The use of the AT modifier is left to the practitioner’s judgment and whether you believe that the care you have rendered is active treatment or maintenance therapy.  The final determination however is going to be based on how well your “documentation” convinces the third party reviewer that it is “corrective” since your “personal input” will not be solicited after the documented facts.  I consistently confront clients who “keep their rationalizations” in their heads and try to justify payment when they did not put that rationale in the case files.  My response is always “If that was your expectation, why wasn’t it your stated goal?”  Likewise, auditors do not want to hear debate the “what ifs” of a case.  The fact that your belief that we are dealing with a silver-crested, winged aviate waterfowl, will not normally result in our determination that it is, in fact, a “Duck”.  Your simple, yet critical rule for documentation is that the record must be created and maintained in a manner that would survive its’ creator and should clearly state not only what you did and what you want to do but also “why”.  Formal progress evaluations are a must and need to be much more detailed than your daily notes.  One should use the formal progress evaluations as a way to clearly document the patient’s current status, improvement and expected progress and benefit from continued care.  Treatment plans should be revised to meet the remaining challenges and goals clearly defined.

We tell our members and clients to view what is considered maintenance therapy rather than try to justify that type of therapy as active.  Medicare’s recent revisions under transmittal 18[3] make this matter quite clear.

Maintenance therapy includes services that seek to prevent disease, promote health and prolong and enhance the quality of life, or maintain or prevent deterioration of a chronic condition.  When further clinical improvement cannot reasonably be expected from continuous ongoing care, and the chiropractic treatment becomes supportive rather than corrective in nature, the treatment is then considered maintenance therapy.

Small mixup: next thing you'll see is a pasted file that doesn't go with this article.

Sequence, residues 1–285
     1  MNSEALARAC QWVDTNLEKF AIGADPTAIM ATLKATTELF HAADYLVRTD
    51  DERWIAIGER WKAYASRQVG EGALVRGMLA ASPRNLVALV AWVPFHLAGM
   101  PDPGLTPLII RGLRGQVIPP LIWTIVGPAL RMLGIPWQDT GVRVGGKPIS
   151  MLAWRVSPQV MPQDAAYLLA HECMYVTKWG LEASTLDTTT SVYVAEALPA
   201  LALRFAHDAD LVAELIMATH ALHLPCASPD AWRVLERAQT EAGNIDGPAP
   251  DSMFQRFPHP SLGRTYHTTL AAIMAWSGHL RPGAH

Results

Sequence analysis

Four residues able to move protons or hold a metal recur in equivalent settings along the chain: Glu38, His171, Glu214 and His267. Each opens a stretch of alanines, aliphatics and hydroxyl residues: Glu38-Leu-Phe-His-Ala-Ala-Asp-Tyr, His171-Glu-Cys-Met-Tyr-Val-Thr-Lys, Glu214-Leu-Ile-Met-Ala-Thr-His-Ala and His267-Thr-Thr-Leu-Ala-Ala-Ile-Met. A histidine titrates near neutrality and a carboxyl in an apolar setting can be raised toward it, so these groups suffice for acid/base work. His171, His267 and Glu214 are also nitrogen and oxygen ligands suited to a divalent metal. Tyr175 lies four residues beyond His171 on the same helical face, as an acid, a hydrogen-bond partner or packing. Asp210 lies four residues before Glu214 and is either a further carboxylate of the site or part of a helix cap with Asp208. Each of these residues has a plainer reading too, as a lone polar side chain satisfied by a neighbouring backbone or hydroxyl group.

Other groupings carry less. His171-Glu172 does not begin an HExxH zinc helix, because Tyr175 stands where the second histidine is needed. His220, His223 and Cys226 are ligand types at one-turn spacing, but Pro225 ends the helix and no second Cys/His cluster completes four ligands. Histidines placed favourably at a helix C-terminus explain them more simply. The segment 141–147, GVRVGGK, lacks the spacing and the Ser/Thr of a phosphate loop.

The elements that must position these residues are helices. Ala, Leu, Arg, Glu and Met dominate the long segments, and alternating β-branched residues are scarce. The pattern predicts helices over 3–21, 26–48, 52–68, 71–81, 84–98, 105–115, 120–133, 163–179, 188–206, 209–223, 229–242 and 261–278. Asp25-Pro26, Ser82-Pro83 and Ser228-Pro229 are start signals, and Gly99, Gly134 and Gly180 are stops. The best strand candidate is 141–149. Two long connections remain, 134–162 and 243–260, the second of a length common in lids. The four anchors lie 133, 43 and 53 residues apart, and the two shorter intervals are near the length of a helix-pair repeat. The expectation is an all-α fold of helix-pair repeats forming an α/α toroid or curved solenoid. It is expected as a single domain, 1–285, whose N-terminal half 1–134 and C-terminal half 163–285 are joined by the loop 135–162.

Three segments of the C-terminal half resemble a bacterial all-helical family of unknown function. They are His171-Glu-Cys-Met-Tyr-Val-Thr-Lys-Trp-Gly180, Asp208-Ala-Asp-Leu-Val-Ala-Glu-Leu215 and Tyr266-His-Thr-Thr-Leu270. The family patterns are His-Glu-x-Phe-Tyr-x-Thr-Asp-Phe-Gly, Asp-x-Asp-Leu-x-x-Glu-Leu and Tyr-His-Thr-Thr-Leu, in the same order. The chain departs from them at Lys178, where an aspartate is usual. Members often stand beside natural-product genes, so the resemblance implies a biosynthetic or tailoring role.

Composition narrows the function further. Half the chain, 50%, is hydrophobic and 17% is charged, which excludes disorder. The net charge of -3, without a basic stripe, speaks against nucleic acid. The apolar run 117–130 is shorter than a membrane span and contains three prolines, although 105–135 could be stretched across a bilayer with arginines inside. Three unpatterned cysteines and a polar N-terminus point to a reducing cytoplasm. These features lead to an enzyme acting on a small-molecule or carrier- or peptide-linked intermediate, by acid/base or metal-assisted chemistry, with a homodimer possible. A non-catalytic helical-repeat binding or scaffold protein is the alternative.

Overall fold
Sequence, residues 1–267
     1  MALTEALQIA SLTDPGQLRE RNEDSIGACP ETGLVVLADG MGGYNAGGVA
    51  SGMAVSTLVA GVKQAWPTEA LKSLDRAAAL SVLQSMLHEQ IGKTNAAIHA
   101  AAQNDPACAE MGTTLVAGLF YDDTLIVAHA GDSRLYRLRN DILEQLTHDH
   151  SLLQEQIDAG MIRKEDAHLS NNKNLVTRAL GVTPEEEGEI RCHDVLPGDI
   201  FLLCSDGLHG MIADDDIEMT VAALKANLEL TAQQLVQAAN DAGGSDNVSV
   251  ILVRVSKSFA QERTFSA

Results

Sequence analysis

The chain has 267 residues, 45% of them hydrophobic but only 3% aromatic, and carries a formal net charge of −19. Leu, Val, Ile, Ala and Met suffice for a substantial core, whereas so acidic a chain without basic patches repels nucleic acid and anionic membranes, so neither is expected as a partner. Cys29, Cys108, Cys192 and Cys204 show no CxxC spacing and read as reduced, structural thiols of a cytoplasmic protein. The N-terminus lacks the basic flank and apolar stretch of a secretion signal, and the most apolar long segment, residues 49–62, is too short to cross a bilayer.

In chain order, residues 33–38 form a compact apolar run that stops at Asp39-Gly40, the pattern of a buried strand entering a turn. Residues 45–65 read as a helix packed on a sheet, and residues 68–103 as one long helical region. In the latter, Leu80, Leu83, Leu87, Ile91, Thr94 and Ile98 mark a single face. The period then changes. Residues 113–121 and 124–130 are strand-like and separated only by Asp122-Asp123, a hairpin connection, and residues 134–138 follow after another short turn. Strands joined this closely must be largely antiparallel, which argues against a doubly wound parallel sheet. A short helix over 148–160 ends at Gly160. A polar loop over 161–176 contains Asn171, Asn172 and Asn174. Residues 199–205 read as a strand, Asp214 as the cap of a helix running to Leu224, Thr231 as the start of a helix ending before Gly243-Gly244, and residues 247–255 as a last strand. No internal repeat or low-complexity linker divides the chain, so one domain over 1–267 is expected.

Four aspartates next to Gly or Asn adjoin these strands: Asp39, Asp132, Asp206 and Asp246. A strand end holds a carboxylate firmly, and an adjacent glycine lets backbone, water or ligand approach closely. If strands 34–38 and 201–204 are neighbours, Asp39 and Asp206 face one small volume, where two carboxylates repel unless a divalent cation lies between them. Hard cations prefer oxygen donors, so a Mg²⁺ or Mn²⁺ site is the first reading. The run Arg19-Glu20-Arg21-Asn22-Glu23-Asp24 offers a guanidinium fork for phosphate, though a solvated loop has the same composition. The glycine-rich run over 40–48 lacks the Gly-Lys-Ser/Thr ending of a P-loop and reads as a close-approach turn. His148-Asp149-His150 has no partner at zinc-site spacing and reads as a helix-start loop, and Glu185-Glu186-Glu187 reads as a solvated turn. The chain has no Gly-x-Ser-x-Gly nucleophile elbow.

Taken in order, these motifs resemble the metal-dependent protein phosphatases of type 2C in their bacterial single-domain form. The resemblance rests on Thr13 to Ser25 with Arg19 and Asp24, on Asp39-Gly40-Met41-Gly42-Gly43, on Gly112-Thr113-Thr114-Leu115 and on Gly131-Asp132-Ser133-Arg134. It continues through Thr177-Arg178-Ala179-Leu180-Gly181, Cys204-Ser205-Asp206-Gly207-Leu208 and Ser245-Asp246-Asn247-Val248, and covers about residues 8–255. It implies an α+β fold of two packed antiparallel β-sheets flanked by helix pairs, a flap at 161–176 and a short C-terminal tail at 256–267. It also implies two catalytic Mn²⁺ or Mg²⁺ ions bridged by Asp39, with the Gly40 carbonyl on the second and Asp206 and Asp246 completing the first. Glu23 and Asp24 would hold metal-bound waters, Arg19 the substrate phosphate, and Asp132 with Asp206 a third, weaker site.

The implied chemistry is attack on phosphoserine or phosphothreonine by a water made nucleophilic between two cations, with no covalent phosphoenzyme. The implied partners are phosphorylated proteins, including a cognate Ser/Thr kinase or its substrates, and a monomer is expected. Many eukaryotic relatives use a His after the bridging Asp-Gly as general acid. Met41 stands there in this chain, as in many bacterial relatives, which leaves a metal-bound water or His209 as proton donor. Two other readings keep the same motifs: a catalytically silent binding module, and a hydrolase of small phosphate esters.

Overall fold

While I completely detest this definition since it is the “accepted goal” of preventive and allopathic medicine, we must live with it for now. 

Most spinal joint problems fall into either the acute or chronic category. 

For Medicare purposes, acute manipulative treatment is for a new injury and is expected to result in improvement or arrest of progression of the patient’s condition. 

Chronic conditions are when the patient’s condition is not expected to “significantly” improve or be resolved with further treatment but where the therapy can be reasonably expected to result in “functional improvement”.  From an auditor’s prospective, that care would pass to maintenance when the clinical status has lacked any additional improvement over a reasonable period and the patient appears to be stabilized at maximum expected improvement.  Once the plateau is reached, the patient needs to be referred for medical intervention, discharged on a home exercise program under MMI and/ or placed on a maintenance therapy protocol on a cash pay basis.

What do you need to do? 

First, make sure your billing staff is aware that they must add the AT modifier to HCPCS codes 98940, 98941 and 98942 when your clinical documentation indicates that your care is consistent with the normal interpretation of active/corrective treatment.

Next, make sure that your billing staff is aware of any local coverage determinations imposed by your carrier, for these services that might limit the frequency or circumstances under which you will be paid.

You must be aware that your carrier can “auto-deny” claims that exceed the frequency limits of reasonable and necessary services “as specified” in their LCD.  You must make sure that you know what those limits are and observe them.  Even if the contactors’ LCD does not specify frequencies that define the limits, they may still deny after review.